President Obama Has ‘Shaken Off’ The Lessons of 1989

REUTERS/Fabrizio Bensch

Emily Jashinsky Program Officer, Young America’s Foundation
Font Size:

To most millennials, the year 1989 has a special significance. Among Americans my age, the year is primarily known for giving us Taylor Swift. But 26 years ago today, the year 1989 was cemented in history as a critical turning point in world history.  

Today marks the 26th anniversary of the fall of the Berlin Wall. Though, as we appear to have forgotten, the communist ideas that inspired the erection of that infamous barrier did not collapse in 1989 along with it. In fact, less than 100 miles away from American soil, people continue to suffer under communist rule — and our president doesn’t seem to care.

Given recent developments in our relationship with the Cuban government, including July’s reopening of the Cuban embassy, this particular anniversary of the Berlin Wall’s collapse should be especially meaningful.

The fall of the Wall physically and politically freed thousands of Germans from the clenched fist of a communist regime. As the wall was torn to the ground, television cameras captured the unadulterated joy of the German people, crying and shouting and laughing, utterly grateful for their first taste of freedom in decades.

If only our friends in Cuba could experience that same taste.

Instead, the Obama administration is actively working to thaw the United States’ relationship with Cuba, a process that fails to adequately address the country’s ongoing record of human rights abuses.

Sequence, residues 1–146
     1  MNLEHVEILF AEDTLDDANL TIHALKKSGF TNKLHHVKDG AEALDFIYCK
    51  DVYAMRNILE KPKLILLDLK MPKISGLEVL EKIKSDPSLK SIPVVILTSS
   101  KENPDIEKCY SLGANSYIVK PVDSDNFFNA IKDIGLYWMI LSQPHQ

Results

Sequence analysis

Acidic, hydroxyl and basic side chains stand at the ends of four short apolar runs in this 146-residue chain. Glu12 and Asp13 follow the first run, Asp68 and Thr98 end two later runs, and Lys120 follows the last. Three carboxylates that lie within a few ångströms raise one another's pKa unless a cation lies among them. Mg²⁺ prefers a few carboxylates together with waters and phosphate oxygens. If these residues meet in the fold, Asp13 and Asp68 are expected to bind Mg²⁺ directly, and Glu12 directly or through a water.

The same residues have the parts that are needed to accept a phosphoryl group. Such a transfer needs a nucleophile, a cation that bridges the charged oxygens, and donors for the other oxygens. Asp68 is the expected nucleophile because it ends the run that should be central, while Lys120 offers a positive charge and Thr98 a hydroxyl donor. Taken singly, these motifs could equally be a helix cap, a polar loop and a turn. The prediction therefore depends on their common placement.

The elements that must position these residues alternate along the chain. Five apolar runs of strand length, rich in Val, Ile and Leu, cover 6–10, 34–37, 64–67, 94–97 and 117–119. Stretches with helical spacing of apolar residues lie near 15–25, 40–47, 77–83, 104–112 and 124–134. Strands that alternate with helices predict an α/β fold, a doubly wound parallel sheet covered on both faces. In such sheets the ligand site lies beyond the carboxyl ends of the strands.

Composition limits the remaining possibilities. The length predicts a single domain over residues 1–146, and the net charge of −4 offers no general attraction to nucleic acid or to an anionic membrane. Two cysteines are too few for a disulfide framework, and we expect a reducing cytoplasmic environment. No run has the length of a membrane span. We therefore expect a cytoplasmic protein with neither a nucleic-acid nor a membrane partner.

In Cuba, there is no first amendment. The regime has imprisoned political dissidents. Average citizens cannot openly criticize their government without threat of being targeted and locked away by tyrants. Basic human rights are not available to the Cuban people, and the Obama administration is only making it worse.

Since President Obama announced his intentions to reestablish diplomatic relations with Cuba last December, anti-Castro beatings and detentions are reportedly on the rise. Repression of dissidents is not improving, but worsening.

On the heels of that announcement, Cuban American Congressman Alex Mooney, whose mother fled the Castro regime, remarked, “Once Cuba embraces basic freedoms and democracies and gives rights to their folks, those are things to be considered.”

Mooney continued, “The problem is, once again, Barack Obama is unilaterally just giving Communists, like he has in other areas, not standing up to them, just giving them special privileges.”

Global communism did not crumble to the ground that day in 1989. It was a beautiful moment for the German people, a crowning achievement for world leaders like Ronald Reagan and Margaret Thatcher, and a fatal blow to the Iron Curtain.

But on this anniversary we must reflect on the happiness those television cameras captured on the faces of the German people as they chipped away at the Wall and ask ourselves, what are we doing to bring that long-awaited freedom from oppression to the people of Cuba?

The lessons of 1989 should not be shaken off, a tip President Obama appears to have gotten from Taylor Swift. We must never forget the pain people endured for decades behind that Wall, and see their pain in the silence of the people who suffer today just 90 miles south of our border.